Why I have mixed feelings about the CROWN Act
It’s old news now, but the CROWN Act was passed in the USA - finally! I should be feeling joy about that, right? And yet, I’m not - not totally. Let me explain.
I’m happy that, after a long battle, Black people in the US have some legislative protection against the deprofessionalisation of our hair. I’m happy they have that legal redress.
But that doesn’t mean they (we) won’t face microaggressions related to their hair. It doesn’t mean certain beautiful hairstyles won’t get side-eye from white colleagues. It sure won’t stop certain white people from making free with their glorious tresses. And it still may not stop Black kids getting hassled about their hair in schools, though it should. All it does is provide some legal protection. That’s important, because without it you get all kinds of nonsense happening.
But beyond this win - and it still IS a win, kinda - there’s the bigger question, the one that keeps me from feeling unalloyed joy, and it’s this: why the hell do we need to legislate for Black people to enjoy autonomy over our hair? And the answer, of course, is racism and white supremacy. Isn’t it always?
Disrespecting our hair is just one of the many ways white people have othered Black people in an effort to prove their superiority to themselves and everyone else. Comparing our hair to wool reinforced the idea that Black people were closer to animals and therefore could be treated as such - herded, brutalized, used, bred and discarded when no longer useful.
Ideas about the savagery and animality of Black people - ideas that still affect how we are treated today - were literally bound up with our hair. Ideas about what was considered beautiful and acceptable had a hair component. The overvaluing of European standards of beauty is why we have texturism. (Learn more about texturism and colorism in this Introvert Sisters podcast episode featuring Dr. Sarah L. Webb.)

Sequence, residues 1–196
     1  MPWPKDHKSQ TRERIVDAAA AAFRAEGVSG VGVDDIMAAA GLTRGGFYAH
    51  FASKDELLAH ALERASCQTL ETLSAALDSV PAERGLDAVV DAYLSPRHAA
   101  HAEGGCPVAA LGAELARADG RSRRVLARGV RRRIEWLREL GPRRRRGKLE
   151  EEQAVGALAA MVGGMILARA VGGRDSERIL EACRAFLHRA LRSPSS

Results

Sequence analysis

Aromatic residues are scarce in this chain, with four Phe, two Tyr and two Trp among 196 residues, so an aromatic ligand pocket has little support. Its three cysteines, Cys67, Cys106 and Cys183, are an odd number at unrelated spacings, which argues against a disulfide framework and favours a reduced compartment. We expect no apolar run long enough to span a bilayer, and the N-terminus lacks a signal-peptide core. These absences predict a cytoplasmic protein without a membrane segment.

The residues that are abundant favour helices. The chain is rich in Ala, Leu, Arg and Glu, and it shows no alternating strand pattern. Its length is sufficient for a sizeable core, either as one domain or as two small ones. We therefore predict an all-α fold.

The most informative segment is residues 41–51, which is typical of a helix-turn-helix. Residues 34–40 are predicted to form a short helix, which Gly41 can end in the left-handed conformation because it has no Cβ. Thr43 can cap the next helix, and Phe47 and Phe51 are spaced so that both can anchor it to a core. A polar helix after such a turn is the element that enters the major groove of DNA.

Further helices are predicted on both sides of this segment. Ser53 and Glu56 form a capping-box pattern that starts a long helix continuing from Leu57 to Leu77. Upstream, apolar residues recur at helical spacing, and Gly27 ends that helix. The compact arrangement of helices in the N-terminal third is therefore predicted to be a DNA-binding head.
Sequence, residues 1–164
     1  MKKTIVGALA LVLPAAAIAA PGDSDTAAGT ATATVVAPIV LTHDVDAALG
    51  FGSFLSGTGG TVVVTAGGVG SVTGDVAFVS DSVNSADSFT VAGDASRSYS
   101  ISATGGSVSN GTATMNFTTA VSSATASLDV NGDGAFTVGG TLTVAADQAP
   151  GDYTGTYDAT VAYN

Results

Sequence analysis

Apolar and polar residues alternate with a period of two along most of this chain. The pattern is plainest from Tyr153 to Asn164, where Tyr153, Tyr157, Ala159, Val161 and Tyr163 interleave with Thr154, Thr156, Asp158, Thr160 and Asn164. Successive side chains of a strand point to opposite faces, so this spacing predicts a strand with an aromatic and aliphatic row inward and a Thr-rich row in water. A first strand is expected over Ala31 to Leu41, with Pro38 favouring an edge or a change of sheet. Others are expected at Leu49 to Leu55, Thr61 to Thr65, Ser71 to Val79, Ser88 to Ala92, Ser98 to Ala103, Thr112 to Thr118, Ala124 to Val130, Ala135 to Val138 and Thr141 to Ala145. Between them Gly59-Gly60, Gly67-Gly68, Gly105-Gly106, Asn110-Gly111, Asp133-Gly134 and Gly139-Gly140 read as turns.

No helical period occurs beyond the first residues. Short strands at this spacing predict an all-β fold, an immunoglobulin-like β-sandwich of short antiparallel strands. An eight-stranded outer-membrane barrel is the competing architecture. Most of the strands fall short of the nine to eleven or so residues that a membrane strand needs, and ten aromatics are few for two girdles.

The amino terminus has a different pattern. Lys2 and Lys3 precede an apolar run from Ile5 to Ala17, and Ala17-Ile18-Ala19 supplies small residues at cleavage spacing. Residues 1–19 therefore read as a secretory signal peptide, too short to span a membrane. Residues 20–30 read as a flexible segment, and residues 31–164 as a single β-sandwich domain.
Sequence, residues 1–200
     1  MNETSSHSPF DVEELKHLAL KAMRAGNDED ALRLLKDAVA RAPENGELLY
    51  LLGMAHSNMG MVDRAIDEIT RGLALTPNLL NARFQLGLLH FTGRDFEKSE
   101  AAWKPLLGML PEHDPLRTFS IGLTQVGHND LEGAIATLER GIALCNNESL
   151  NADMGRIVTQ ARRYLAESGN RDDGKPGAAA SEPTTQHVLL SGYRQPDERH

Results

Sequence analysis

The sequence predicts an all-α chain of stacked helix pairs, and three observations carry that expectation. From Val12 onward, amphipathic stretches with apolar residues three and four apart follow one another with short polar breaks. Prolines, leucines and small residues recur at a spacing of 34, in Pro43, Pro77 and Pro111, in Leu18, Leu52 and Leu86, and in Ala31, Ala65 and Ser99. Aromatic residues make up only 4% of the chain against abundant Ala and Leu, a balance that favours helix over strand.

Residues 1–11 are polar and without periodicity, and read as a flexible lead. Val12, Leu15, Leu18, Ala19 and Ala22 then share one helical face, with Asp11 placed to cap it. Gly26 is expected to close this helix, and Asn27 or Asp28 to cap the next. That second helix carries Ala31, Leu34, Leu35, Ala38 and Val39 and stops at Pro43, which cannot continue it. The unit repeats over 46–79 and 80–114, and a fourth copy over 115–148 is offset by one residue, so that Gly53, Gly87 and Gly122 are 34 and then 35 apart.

The control of our hair (check out the Tignon laws, for example) was part of a larger attempt to control our bodies, our labor, our activities… our very being. It was wrong then, and it’s wrong now.
This hair control doesn’t just happen in the US, of course. A recent survey in the UK showed that only 12% of teachers get training on hair as part of their diversity and equity training, even though the equality laws mean that they shouldn’t discriminate.
And in the Caribbean, you can still hear people talking about “good hair”, and there’s still an expectation that in certain jobs, you won’t have your hair natural or in locs. Texturism is real. That’s changing, of course, but entrenched attitudes take a while to shift. And, as far as I know, in the Caribbean there aren’t any laws stopping businesses and schools from perpetrating hair discrimination.
I know we need the laws - otherwise it leaves us unprotected. But forgive me if the need for those laws sticks in my craw, just a little bit. What do you think?
Thanks for reading
Image credit: Getty images: Erik Von Weber
© Sharon Hurley Hall, 2022. All Rights Reserved.